12. You are very, very bad (meaning really, really funny). I laughed for 5 minutes. You even managed to stencil the crates. You must be a Photoshop ninja! TillaMurphs is definitely good. Did you notice the subtle LADTD (Louisiana Department of Transportation & Development) acronym on the crossbeam near the ceiling? The only thing missing, is all the crates full of potholes that the HWY Dept places out down here (or we think they do).
  13. ArtMan, you are CQ. It does mean correct. It actually comes from the Phillips Code, which was a telegraph shorthand code so they could send press reports quicker. POTUS and SCOTUS are two of the main examples of Phillips code. I got into a discussion of this same thing a few years back, which is how I know it..... but can't reveal the embarrassing details of how it happened in the forums. Here is a link to an article on it, to add to your useless font. LOL http://www.radions.net/philcode.htm
  14. But I got it......and weird thing is, I thought of the same thing when I first read Jim's reply. Of course, have to watch Indy Jones 4 at least twice a month (it's my 8 year olds favorite one) helped a lot.
  15. ArtMan, I see someone has been listening to you. DSWorld now has logs, that keeps up with a lot of the things you submit. In the above pic background...Utilizing the stations, published, by state/county function of DSWorld, I could see one mark that is listed for Union Parish, but shows up in Lincoln Parish. After reading the datasheet, it is definitely in Lincoln Parish. I sent in a correction thru DSWorld, and here is the log for it. Good deal, and a great suggestion by you.
  16. Thanks Dave. I signed up for it.
  17. I logged the recovery of AF8375 yesterday. It appears that LA must still have some older disks from the USCGS. This one had the logo of USCGS & LA Dept of Highways...........even though it was monumented in 1992 (which is a late date for the ones I have seen), and is 20 years after the USCGS became the NGS. I guess the old saying is true and we are 20 years behind the rest of the nation.......but knowing our HWY Dept, it may have taken them 20 + years to set it.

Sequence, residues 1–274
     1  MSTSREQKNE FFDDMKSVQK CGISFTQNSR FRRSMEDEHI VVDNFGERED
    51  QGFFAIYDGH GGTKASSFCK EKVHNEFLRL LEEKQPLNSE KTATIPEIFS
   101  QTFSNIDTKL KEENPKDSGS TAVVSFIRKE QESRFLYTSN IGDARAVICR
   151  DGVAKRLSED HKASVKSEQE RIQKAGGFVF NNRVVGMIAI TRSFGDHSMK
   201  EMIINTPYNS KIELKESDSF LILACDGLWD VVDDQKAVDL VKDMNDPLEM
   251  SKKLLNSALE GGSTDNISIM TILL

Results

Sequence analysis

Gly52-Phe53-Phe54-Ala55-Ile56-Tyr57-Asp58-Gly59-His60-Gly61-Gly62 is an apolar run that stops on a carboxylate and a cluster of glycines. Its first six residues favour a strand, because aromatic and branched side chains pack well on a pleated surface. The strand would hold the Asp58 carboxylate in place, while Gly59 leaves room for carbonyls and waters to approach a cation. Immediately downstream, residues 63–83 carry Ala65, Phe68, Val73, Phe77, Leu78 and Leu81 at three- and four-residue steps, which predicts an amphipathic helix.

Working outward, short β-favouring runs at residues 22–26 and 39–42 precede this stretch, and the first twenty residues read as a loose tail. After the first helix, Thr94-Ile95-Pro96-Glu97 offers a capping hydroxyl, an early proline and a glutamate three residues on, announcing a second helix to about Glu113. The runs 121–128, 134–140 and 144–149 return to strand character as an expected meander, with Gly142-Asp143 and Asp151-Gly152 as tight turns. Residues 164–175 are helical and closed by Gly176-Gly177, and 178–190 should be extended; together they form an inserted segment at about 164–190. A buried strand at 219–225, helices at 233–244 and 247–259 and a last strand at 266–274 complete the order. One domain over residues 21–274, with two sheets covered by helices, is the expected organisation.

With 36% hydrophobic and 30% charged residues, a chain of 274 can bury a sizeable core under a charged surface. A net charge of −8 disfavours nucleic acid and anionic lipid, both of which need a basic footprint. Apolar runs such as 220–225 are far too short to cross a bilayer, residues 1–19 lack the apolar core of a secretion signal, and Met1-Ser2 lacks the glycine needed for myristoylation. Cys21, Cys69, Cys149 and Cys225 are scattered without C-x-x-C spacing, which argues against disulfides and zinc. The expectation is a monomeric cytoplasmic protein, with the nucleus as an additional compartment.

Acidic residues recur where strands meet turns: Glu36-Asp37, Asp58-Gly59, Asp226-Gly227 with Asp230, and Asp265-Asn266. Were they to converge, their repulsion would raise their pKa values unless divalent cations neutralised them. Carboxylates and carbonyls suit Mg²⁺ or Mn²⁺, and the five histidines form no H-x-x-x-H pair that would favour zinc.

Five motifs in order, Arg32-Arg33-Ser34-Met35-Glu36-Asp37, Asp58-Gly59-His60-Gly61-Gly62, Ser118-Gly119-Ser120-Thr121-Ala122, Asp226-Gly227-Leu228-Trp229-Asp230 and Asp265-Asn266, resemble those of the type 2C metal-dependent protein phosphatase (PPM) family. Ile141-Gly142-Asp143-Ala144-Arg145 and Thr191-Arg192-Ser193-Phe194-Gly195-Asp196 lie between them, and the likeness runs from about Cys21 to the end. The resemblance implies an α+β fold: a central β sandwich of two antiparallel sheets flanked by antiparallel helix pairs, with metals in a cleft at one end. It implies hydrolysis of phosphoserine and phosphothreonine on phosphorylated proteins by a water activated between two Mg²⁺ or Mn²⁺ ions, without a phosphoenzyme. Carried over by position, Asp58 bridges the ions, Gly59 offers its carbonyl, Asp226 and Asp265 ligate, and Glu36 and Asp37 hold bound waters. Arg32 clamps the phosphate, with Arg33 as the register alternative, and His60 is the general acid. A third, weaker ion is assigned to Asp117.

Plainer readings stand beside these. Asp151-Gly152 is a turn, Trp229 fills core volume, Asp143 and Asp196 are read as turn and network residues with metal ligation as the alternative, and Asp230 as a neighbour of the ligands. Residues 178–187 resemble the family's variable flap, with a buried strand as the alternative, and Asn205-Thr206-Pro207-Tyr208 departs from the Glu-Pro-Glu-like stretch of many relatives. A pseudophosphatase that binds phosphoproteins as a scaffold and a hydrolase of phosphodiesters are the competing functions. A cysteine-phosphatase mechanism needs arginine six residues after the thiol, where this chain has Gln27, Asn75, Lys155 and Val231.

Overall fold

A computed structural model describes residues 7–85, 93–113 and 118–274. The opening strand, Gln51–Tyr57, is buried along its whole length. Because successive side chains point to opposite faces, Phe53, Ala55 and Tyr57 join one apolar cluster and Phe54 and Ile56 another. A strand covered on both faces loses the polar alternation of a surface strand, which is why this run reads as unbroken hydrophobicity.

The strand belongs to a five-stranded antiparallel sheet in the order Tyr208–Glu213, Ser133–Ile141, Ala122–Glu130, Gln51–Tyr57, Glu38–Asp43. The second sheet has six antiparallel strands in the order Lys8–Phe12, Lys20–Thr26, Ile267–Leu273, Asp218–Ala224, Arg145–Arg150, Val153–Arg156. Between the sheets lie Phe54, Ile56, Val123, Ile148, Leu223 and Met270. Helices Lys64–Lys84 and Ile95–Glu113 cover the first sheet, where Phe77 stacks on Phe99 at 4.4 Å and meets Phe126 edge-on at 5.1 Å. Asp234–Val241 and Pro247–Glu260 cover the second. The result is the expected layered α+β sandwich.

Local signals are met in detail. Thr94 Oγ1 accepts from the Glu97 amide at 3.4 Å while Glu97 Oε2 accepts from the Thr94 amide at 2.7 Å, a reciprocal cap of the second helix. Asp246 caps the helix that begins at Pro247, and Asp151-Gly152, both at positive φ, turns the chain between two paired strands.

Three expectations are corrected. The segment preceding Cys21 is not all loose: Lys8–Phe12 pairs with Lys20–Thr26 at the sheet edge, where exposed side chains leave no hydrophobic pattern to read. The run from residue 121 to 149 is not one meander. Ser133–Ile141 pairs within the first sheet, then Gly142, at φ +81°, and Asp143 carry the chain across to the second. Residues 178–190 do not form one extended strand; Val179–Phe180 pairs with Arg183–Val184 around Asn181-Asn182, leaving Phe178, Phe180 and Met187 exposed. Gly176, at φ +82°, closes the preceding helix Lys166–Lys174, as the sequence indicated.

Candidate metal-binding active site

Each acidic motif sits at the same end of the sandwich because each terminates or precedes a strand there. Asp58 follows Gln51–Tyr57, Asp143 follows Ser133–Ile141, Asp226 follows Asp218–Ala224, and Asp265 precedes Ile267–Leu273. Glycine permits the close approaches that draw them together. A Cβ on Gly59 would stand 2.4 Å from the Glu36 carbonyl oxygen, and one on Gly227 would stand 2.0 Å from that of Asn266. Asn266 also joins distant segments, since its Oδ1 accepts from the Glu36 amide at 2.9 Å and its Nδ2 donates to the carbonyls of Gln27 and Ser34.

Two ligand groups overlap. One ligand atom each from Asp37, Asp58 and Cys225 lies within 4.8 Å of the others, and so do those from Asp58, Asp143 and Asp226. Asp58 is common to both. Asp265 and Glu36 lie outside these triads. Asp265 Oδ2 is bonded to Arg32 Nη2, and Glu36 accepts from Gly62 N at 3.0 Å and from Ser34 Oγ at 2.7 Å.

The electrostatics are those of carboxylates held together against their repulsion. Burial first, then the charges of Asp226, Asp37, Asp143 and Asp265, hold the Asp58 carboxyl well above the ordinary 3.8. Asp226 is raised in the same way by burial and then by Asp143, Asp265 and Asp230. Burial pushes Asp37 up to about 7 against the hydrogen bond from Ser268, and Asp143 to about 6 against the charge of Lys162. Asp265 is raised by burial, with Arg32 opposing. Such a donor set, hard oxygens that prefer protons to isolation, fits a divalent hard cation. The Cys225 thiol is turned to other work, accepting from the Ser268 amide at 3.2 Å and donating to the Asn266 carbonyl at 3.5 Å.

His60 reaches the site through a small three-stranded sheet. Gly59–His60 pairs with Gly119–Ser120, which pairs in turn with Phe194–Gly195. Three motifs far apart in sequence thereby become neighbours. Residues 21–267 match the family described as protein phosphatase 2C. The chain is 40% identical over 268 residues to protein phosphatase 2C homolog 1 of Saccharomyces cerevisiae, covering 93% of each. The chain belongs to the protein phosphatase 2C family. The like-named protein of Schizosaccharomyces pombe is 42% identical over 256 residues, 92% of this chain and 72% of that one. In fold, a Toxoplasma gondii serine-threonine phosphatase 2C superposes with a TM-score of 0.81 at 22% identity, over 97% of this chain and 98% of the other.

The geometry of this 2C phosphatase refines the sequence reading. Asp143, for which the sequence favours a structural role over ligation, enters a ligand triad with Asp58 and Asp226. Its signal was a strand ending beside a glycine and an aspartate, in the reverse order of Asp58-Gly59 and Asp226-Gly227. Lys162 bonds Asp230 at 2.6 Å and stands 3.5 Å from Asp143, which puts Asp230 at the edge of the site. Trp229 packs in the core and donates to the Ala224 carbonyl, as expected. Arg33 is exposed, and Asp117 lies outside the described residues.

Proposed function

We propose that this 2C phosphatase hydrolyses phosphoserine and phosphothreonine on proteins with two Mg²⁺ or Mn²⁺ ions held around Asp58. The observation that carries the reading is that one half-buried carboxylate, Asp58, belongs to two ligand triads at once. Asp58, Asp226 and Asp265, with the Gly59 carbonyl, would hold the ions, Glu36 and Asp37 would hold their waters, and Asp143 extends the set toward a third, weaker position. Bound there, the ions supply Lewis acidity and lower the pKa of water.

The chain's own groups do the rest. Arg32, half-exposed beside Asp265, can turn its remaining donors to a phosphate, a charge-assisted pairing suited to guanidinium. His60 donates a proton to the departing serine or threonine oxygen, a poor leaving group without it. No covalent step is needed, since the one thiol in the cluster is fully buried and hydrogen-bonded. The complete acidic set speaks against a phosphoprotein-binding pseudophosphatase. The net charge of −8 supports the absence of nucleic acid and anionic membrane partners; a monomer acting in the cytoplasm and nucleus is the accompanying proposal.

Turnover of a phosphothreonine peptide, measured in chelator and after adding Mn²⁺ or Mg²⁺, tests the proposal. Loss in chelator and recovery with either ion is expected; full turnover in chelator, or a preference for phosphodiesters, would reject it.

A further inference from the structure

18. I always like viewing the recent HH loads option of DSWorld, to see what has been updated around my area. It appears the same thing may have happened with CQ2122 down in LA. Ninja Dave strikes again.
  19. HoustonControl, we placed a lot of the information gleaned from several forums here on our local geocaching forums. There is a tutorial there on a few ways to get the county downloads, as well as how to convert the county/state downloads into gpx files.. It should be in the first post about mid-way down the page. Let us know if that helps you. We'll start you out slow at first, then get you totally addicted. http://www.nelageo.net/index.php/forum/13-benchmarking-and-related-topics/6841-benchmark-101
  20. AZ, do you know which version of DSWorld you currently have? If it is below version 2.10, you can download 2.10 here: then run update after installing it. http://www.ngs.noaa.gov/PC_PROD/PARTNERS/index.shtml This is taken from the help file, if you want to contact Malcolm directly: Other Problems and Suggestions for Enhancement Should you encounter problems with the program you are encouraged to email the author marchershee@gmail.com with details of the problem, the operating system the program is running on, and any other information that would be helpful to resolve the problem. Suggestions for enhancements are always welcome. Hopefully, it can all get straightened out.